The Watch List For 9/26/12
PRIVATE HELL 36 (1954) --- Points of interest: Don Siegel directed, Ida Lupino produced/stars, Steve Cochran is co-male lead. Otherwise, the story took a while to get going. Steve is a turned-crook cop, Howard Duff his conscience-ridden partner. Siegel said Cochran stayed lit much of the time, cast fellows joining him in spiked coffee-breaking. Maybe Steve felt he'd done enough of these to finish one halfway in the bag --- he's more accomplished that way than others at 100%. Remarkable how many cheap noirs were made on a lick & promise, begun with scripts one third prepped, fraying tempers and disorganization from there. Still, there are individual scenes, quite a few, written and played effectively. Everyone's life is a mess, Dean Jagger and his pipe sole stabilizing influence. Steve and Ida are convincingly damaged people, their romance punctuated by accusation and hard slaps to the face, a noir ritual and maybe one not uncommonly played in real lives during the up-tight 50's.
Siegel knew his way around sudden bursts of violence and was good at build-up to body blows we feel for investment in frayed characters. When guns are drawn, look out. I counted four cast members who'd work for him again in 1956's Invasion Of The Body Snatchers, so obviously, they had Don's phone number. Ida Lupino and Collier Young raised Hell for their independent Filmmakers company, which went south for error of trying to distribute Private same 36 in addition to producing. Siegel and Ida hit it off at first, fell out later. She was trying to keep a marriage with co-star Howard Duff together. Maybe they were doing the slap-and-kiss routine at home. Things wouldn't work out, and according to Siegel, neither did the film. Private Hell 36 is a honey so long as expectations stay modest. Nice to have it on Blu-Ray and presented in 1.85 widescreen.
THREE HOURS TO KILL (1954) --- Dana Andrews rides into town to get even for a botched hanging, hemp scar on his neck reflecting bitter mood. The 50's were when adult westerns really got going. Everybody wanted the next High Noon. Andrews was good in whatever he did --- talk about a star being a whole reason to watch. There's also a mystery killer abroad, fair enough to get through a first viewing if not repeat ones. Shooting outdoors and in color was adequate to pull 50's westerns across, these plus a meaningful name above titles distinguished them from horseflesh rode gratis at home.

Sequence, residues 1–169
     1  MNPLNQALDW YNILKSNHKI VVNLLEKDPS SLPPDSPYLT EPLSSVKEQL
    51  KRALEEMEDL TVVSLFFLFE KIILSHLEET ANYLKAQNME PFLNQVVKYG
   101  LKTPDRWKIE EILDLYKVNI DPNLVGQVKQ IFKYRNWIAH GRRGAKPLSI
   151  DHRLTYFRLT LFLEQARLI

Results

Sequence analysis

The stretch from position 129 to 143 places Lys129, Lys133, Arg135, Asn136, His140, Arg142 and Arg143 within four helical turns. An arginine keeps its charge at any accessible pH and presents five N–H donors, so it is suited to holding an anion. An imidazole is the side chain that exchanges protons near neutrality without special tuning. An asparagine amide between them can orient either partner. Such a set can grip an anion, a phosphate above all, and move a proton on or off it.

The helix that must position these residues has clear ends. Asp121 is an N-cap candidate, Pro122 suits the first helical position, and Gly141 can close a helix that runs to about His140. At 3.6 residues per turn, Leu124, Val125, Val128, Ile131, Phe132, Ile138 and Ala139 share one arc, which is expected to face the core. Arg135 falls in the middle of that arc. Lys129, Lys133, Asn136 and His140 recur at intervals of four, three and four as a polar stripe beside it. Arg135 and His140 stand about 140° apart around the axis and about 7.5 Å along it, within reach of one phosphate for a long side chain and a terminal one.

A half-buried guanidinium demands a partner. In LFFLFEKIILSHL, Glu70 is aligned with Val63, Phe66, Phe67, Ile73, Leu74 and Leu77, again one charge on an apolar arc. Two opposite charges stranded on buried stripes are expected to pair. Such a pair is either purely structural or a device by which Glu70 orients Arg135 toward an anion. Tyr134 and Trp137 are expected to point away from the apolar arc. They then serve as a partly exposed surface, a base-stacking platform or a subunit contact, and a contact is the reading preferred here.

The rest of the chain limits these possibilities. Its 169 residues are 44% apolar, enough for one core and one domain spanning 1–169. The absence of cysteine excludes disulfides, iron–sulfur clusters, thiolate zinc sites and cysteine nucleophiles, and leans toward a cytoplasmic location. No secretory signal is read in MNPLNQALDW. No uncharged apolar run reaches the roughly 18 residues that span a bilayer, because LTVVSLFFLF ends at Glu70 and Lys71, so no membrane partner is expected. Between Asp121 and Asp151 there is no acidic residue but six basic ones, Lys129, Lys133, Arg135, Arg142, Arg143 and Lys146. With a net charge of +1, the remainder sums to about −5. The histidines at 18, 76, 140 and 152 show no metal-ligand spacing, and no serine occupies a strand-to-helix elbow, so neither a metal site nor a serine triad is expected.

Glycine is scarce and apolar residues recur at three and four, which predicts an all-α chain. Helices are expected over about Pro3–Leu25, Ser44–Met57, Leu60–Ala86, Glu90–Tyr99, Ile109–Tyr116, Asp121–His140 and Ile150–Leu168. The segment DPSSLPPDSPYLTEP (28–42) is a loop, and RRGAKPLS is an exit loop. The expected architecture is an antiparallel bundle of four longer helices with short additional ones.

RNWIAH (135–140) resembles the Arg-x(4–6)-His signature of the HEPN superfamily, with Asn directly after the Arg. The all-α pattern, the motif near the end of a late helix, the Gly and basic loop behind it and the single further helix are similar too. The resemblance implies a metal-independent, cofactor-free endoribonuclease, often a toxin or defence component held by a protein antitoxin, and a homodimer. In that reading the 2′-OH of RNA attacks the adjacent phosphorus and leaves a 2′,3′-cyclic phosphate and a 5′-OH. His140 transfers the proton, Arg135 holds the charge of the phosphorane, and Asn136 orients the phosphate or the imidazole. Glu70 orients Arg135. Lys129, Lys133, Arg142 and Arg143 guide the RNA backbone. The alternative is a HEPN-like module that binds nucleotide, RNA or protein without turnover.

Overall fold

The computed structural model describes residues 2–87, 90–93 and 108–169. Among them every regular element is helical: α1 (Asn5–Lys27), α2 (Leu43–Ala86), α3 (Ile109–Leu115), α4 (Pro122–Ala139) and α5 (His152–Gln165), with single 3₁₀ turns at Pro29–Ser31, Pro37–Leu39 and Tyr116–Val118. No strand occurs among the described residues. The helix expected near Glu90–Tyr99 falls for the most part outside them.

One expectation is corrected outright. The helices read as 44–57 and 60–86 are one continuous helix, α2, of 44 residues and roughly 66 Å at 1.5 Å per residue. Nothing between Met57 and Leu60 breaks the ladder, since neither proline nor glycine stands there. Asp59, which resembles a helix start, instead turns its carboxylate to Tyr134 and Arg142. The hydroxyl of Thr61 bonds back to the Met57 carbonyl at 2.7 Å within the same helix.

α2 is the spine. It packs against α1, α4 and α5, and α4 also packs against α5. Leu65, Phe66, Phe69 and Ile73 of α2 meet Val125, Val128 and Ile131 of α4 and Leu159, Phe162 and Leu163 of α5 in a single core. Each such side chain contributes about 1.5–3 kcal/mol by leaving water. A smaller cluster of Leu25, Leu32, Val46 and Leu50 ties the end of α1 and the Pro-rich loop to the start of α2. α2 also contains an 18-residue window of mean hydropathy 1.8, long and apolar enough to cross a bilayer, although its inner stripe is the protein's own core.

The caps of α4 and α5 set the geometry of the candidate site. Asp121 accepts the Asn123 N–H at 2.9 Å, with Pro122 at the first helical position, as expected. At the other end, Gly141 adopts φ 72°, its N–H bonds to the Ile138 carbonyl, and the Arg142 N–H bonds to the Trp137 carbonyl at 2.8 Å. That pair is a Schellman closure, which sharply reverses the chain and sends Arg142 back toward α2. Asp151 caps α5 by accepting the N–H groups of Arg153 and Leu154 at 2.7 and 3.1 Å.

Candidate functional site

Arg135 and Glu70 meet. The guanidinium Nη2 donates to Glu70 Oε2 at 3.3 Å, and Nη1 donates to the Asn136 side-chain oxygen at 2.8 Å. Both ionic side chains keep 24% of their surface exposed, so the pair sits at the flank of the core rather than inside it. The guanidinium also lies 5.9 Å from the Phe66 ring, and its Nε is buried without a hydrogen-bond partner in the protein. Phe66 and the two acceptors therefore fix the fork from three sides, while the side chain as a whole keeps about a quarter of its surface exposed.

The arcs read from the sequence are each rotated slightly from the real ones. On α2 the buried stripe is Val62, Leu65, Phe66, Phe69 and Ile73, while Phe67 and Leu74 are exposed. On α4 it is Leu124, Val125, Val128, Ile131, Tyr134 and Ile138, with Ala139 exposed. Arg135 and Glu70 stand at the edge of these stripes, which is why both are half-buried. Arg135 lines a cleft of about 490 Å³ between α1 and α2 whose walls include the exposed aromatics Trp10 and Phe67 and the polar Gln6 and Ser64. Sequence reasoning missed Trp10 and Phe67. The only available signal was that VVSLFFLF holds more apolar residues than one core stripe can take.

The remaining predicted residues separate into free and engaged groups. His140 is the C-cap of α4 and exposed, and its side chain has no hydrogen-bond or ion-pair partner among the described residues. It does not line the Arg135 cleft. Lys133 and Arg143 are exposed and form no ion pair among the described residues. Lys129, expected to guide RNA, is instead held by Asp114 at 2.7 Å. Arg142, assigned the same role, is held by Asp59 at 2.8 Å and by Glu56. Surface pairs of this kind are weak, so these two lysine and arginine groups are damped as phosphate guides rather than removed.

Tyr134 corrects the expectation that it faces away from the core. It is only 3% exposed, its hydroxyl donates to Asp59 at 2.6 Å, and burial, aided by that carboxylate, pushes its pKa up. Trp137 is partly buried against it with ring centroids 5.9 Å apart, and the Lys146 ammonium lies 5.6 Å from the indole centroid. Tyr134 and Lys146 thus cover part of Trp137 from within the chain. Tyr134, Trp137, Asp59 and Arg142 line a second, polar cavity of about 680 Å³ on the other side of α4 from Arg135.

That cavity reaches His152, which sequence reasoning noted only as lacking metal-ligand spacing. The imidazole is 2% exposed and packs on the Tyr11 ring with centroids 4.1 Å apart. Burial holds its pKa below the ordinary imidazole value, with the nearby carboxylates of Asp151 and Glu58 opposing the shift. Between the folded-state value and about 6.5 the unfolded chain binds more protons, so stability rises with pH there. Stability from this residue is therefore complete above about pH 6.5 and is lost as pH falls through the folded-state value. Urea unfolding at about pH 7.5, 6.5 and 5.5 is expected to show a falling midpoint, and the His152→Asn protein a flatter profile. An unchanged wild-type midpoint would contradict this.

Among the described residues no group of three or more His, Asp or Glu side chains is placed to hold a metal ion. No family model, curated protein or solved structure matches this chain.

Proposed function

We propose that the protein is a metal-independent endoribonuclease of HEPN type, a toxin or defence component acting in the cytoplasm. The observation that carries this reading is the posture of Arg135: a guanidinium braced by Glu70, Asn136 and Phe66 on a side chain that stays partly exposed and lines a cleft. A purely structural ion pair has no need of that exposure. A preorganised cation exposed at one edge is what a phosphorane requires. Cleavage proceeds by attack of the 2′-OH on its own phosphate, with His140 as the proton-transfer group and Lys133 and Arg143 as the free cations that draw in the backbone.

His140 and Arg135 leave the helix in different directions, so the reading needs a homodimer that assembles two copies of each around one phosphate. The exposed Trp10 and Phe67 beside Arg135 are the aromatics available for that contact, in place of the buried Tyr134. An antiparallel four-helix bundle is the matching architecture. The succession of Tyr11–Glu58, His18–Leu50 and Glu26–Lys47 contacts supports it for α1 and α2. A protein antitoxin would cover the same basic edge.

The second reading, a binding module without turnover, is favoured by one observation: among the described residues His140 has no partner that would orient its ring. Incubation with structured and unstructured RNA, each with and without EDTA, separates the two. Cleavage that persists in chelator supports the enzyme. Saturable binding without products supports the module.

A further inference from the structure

CAPTAIN KIDD (1945) --- Charles Laughton approaches comedy for 1945 Captain Kidd-ing that he would surrender to altogether when the character met Abbott and Costello seven years later. CL was better on sly setting than outright burlesque, and here he has a vet crew willing to stand down and let the rascal have his head. Tissue narrative gives way to Laughton lunacy as he systematically offs his own crew, logic of this elusive but welcome withal as it's Chuck with an upper hand we want. Randolph Scott isn't named Stolid Hero, but that's the role he got. I'll bet Laughton arrived on-set each morn bearing slips of paper with ideas to juice up the day's shoot, and who were producers to deny him? This Captain Kidd would surely not have been made short of CL enlisting. TCM played it --- quality was OK.
I'LL WAIT FOR YOU --- (1941) --- You know it's a Metro B when Robert Sterling is the flashy gangster working at behest of Reed Hadley, fleeing cop Paul Kelly into the rural embrace of Marsha Hunt. Her farm folk redeem Bob in furtherance of MGM country-good, city-less so doctrine as expressed in much of their output. It's well-known that Metro's low-budgets were everyone else's big spending, so I'll Wait For You doesn't short-change. The further reformation of a basically likeable crook was dog-eared from silents, but useful to road-test talent and get return on character faces drawing weekly pay.
LAW OF THE
Law Of The Badlands has Shayne cashiered from the Army, tried for murder (innocent, natch), and landing with Custer at the Little Big Horn, all in a lightning stroke of twenty minutes. Crowd footage and the massacre finish from They Died With Their Boots On lent Law Of The Badlands grandeur impossible to achieve on customary two-reel budgets. Maybe patrons liked a potted western with their movie show every now and again. There had to be some reason for this group lasting over seven years. Warners would re-cycle action bumps in TV series to come, thus James Garner, Ty Hardin, etc. mimicking appearance and moves of players departed from the lot, but still performing via vintage derring-do.